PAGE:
/ The Niagara Guide
Niagara — By Megan Pasche on June 8, 2010 at 7:18 pm
Filed under: boats, featuredarticle, history, Tours

The Welland Canal: Ships that Ply the Lakes

At the Welland Canal Centre (map) in St. Catharines, Ontario, you have the chance to see an engineering marvel at work. The City of St. Catharines was built around the Welland Canal, and as the shipping route gained popularity worldwide, people began to flock to St. Catharines. Lock 3 gives visitors the opportunity to watch as ships from all over the world literally climb a mountain. By way of a fascinating lock system, ships make their way through the Welland Canal, up the Niagara Escarpment, and out into one of the Great Lakes.

Watching as 200 feet long ships make their way though the locks as the water rushes in and slowly lifts them up is really quite a sight to behold. Lock 3 has a long viewing platform that makes it quite easy to see the ships as they pass through the lock. Although quite slow moving, it is a fascinating process.  The Welland Canal Centre is also home to the St. Catharines Museum and the Ontario Lacrosse Hall of Fame. The centre also has a small snack shop where you can grab an ice cream to eat while watching the ships.

To make sure your visit coincides with the time a ship is due to be passing through, check out the website for the times and names of the ships on any given day.

There are 8 locks throughout the Welland Canal, and they lead from Lake Ontario to Lake Erie. To make a day trip of it, you can start in St. Catharines to catch a glimpse of Locks 1, 2, 3, 4, 5, 6, Thorold to see Lock 7 (map), and Port Colborne to see Lock 8 (map).

At Lock 7 in Thorold, you will find the “Kissing Rock”. Here you can learn the legend of Charlie Snelgrove and the now famous rock. Supposedly, anyone who meets and kisses at the Kissing Rock will have everlasting luck and happiness.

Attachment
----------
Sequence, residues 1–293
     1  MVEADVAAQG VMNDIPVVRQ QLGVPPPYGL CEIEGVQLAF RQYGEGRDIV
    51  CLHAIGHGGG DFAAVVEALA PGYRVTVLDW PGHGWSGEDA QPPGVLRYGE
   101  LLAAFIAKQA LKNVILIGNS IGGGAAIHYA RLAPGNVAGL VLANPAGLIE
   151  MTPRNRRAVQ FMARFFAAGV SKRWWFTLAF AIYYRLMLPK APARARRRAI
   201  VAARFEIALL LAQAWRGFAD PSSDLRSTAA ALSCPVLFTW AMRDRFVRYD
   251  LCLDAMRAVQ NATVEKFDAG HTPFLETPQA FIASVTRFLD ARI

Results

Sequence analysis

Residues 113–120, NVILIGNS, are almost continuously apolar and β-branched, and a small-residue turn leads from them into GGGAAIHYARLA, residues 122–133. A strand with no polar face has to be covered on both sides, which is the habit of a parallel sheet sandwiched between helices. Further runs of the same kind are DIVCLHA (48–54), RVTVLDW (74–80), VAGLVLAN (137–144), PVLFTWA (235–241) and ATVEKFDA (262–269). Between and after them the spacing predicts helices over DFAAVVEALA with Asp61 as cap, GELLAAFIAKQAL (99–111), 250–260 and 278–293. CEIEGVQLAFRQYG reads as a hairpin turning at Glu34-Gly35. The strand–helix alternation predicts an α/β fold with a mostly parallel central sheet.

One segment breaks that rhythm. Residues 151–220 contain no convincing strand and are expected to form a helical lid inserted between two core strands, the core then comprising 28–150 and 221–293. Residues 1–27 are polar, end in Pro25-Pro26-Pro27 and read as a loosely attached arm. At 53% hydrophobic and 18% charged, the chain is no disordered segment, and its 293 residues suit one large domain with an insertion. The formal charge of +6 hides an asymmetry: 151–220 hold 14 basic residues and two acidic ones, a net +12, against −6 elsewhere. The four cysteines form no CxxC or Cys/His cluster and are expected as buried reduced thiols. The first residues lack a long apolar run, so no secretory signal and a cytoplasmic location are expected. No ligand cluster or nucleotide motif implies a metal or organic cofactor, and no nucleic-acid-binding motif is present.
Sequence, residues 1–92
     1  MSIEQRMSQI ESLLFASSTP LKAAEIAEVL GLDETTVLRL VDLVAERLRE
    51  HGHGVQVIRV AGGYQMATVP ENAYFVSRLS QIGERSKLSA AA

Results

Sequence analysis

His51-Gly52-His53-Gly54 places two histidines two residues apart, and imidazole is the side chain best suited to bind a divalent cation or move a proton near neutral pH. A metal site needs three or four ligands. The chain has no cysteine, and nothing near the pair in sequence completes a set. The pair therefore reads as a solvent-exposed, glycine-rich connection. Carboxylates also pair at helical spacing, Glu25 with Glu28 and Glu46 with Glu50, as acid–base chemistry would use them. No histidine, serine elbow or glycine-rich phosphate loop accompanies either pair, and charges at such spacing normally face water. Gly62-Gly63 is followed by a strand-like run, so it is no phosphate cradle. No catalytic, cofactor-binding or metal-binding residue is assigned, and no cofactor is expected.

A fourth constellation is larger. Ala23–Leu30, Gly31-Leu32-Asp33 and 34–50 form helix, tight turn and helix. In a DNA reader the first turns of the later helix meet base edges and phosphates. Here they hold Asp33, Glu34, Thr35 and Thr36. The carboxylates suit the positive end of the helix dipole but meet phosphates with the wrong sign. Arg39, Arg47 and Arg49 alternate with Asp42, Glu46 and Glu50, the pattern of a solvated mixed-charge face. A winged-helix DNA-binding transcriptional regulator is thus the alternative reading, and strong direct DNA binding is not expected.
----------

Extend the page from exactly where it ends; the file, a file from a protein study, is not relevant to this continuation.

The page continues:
Port Colborne, home of Lock 8, plays host to the yearly Canal Days Festival which takes place over the August long weekend. If you are visiting at another time, you can always check out the Port Colborne Historical and Marine Museum (map), and learn some in depth information about the Regions marine history. Lock 8, located in Gateway Park, also has an elevated platform for visitors to view passing ships. Lock 8 is actually one of the longest canal locks in the world, measuring 421 metres.

The very first Welland Canal (it’s now in its 4th incarnation), was built in 1825 was dug by hand. The only thing the workers had assisting them were horse drawn carriages. Creeks and rivers were connected with the lift locks being made from wood. In the very first Welland Canal, ships were pulled in and out of locks by teams of horses. Eventually, as the boats became bigger and the cargos larger, the canal had to be expanded. The canal you see today opened in 1932.

As you drive from city to city along the canal, you will notice that the land surrounding the canal is filled with historic sites, picnic areas, walking and biking paths, museums, displays, beaches, restaurants and accommodations. It’s a great way to see a lot of the Region, and learn about an industry that had a huge impact on the way the area was developed.

All photos taken by Megan Pasche

Related places:
  1. A
    St Catharines Museum & Welland Canal Centre AtLock 3
    1932 Welland Canals Parkway, St. Catharines, ON L2R7K6, Canada
    View Details and Book
  2. B
    24 Chapel St S
    Inn at Lock 7 (The), 24 Chapel St S, Thorold, ON L2V 2C6, Canada
    View Details and Book
  3. C
    76 Main St W
    76 Main St W, Port Colborne, ON L3K 3V1, Canada
    View Details and Book
  4. D
    Port Colborne Historical & Marine Museum
    280 KING ST, Port Colborne, Ontario L3K 3J9, Canada
    View Details and Book
Tags: boats, featuredarticle, history, Tours

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